Marhaba is the simplest form of greeting that’s used across all the Arabic speaking countries. Yeah, you’ve heard it and if you’re living or have lived in the Middle East then you surely know it (and possibly use it too!).
In the Emirati dialect, the word el-saa’ is added after marhaba making it marhaba el-saa’, which
literally translates to “welcome at this hour of the day”. Alternatively, el-saa’ can also mean “seeker” (literally); as in ‘a seeker of good intentions’. The phrase is said upon the guest arrival (welcome to us).
Did You Know: Saa’ is a colloquial short form of Sa’aa (clock in Arabic).
2. شو اليديد؟
Transliteration: shu el-ydeed?
Meaning: what’s new?
This one’s easy, try saying it: shu el-ydeed? It’s pretty much like what’s up?/how’s it going?
Remember what was said earlier about the first two? Yep, now you can use them together: “marhaba elsaa’, shu elydeed?”
Did You Know: “j” is pronounced as “y” in several words in the Emirati dialect. Here, ydeed is the same as jadeed, which means new in Arabic.
3. ما شيَ
We got two examples for you:
A: “What’s wrong?”
B: “Ma shay!”
Ma shay fyda yakhi!” (There’s no point!)
…You get it, it simply means “nothing”/ “there’s no..”
This is how you say “yes” the Emirati way, heh.
A: “Are you free to talk now?”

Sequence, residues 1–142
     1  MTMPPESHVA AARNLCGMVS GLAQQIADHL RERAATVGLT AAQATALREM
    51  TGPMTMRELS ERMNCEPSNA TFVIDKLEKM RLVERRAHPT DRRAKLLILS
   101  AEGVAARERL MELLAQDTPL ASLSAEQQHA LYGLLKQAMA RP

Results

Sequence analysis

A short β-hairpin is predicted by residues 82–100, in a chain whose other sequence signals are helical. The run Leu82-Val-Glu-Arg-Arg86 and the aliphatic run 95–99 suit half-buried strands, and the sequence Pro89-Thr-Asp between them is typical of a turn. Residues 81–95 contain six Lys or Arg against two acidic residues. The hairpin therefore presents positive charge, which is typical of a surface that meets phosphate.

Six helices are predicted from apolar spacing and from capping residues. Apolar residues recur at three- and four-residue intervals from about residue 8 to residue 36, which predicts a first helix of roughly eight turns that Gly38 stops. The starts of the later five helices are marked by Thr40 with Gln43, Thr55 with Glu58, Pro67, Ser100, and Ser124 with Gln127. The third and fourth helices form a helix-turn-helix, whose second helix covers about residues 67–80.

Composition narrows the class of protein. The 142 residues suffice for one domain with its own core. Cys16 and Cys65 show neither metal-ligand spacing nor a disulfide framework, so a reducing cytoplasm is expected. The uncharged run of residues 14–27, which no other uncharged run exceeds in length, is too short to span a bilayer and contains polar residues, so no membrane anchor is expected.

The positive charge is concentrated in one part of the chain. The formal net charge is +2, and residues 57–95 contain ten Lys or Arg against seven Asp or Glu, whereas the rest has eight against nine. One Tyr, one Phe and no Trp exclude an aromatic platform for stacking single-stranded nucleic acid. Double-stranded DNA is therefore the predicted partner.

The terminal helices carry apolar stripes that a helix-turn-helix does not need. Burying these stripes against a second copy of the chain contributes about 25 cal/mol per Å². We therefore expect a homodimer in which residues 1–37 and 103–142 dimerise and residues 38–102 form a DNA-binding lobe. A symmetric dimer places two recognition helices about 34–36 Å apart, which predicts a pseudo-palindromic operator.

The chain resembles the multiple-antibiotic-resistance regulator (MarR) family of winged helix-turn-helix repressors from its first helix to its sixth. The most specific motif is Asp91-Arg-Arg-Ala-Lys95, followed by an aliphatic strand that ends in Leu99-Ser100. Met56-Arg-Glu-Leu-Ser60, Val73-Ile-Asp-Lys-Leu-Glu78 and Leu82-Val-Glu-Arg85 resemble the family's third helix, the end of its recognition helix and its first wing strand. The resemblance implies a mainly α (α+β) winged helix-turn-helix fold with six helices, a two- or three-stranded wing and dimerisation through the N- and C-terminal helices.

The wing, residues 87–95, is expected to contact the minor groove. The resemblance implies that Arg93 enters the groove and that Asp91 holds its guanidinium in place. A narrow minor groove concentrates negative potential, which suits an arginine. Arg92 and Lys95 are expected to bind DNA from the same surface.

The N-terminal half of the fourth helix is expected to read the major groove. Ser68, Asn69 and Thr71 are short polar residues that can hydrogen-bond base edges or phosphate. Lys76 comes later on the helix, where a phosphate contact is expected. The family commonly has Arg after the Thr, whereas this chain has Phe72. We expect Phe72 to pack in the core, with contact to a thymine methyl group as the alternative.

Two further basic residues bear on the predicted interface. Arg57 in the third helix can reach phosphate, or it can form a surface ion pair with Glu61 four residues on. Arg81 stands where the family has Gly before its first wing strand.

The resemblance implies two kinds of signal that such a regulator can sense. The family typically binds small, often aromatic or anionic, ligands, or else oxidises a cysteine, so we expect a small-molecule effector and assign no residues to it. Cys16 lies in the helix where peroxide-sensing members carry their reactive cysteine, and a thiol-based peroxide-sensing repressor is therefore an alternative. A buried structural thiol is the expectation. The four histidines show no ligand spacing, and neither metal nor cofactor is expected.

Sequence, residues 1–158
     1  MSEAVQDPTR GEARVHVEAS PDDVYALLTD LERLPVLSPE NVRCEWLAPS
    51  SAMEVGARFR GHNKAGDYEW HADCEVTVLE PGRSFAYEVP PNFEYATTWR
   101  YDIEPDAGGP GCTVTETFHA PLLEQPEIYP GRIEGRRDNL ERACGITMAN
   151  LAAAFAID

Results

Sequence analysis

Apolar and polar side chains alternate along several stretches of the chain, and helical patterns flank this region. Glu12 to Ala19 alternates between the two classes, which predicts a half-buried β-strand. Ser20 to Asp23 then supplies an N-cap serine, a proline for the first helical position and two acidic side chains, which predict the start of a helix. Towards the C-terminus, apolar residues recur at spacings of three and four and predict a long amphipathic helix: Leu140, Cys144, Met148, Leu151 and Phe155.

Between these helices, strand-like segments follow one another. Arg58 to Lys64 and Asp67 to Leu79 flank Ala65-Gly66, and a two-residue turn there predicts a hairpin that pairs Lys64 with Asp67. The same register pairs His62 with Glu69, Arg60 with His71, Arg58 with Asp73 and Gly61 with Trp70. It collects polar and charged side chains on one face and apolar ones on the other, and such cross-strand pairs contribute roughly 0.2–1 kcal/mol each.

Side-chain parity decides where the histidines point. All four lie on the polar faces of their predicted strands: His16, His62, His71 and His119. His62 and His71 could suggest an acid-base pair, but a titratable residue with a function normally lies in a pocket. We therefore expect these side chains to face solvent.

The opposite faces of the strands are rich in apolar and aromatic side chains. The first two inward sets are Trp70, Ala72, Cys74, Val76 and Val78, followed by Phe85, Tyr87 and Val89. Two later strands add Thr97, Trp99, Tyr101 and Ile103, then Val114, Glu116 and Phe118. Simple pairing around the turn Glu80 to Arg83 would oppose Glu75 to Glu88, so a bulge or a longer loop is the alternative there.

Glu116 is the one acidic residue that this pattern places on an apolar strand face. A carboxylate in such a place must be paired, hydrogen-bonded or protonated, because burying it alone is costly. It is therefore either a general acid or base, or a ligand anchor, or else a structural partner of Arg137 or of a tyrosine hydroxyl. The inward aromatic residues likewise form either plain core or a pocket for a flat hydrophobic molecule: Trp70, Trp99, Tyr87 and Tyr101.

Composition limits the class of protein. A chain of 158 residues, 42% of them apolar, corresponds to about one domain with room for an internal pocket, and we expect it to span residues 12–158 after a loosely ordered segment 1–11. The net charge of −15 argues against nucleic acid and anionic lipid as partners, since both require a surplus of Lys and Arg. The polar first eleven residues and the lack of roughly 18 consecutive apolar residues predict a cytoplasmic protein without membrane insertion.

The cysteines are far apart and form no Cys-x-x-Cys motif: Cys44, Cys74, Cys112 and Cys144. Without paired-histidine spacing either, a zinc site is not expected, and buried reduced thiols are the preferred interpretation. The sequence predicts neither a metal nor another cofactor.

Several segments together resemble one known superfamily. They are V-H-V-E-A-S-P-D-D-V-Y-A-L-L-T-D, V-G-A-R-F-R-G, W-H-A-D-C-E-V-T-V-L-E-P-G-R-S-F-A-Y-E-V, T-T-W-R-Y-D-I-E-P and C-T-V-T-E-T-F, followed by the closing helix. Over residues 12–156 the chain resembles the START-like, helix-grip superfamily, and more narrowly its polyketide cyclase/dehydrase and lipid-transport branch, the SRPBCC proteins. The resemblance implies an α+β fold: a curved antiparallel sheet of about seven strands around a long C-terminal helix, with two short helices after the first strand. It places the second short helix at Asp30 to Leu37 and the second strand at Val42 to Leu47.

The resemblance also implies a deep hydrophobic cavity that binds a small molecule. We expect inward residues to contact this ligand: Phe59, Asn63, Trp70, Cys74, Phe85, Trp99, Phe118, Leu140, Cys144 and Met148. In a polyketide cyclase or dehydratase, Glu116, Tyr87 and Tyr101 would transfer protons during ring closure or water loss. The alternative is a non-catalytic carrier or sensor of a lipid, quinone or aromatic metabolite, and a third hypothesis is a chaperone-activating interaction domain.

Did you know that there are so many ways to say “yes” in Arabic, depending on the dialect a person speaks?
Meaning: a lot
Not only it means a lot, but also it’s used A LOT! .. On the daily.
You can even stretch it: waaaaayed!
“This place is wayed helu!” (this place is very nice!)
Also heard very often in conversations: tarrishli (send me) tarrashtla (I sent him).
“Ana tarrashtlak risala yesterday” (I sent you a message yesterday).
Meaning: as if
Awina will be your new favorite Emirati word. It’s added to sentences to emphasize boasting/sarcasm.
When you sense someone is showing off, simply say: awina! (you can think of it as a substitute for “pftt”/”as if”).
A: “She said I’m handsome”
Meaning: like this
Nope, we’re not talking about “likes” here, rather“chee wala chee?” (like this or like that?) ; (this way or that way?)
“I’d rather do it chee”.
Meaning: oh my!
The word khaiba is used to indicate surprise/shock: “khaiba! You’re going to eat all of that?!”
If someone is trying too hard to impress: “khaiba!”
When you see something that’s neat and elegant, you’d say “kashkha”. When someone is looking good, wearing a super cool outfit, or perhaps someone had a fresh new haircut… It’s all kashkha!
“Look at you! Kashkha!”
Intrigued to learn more about the Emirati dialect and UAE culture? Check out our Arabic course options!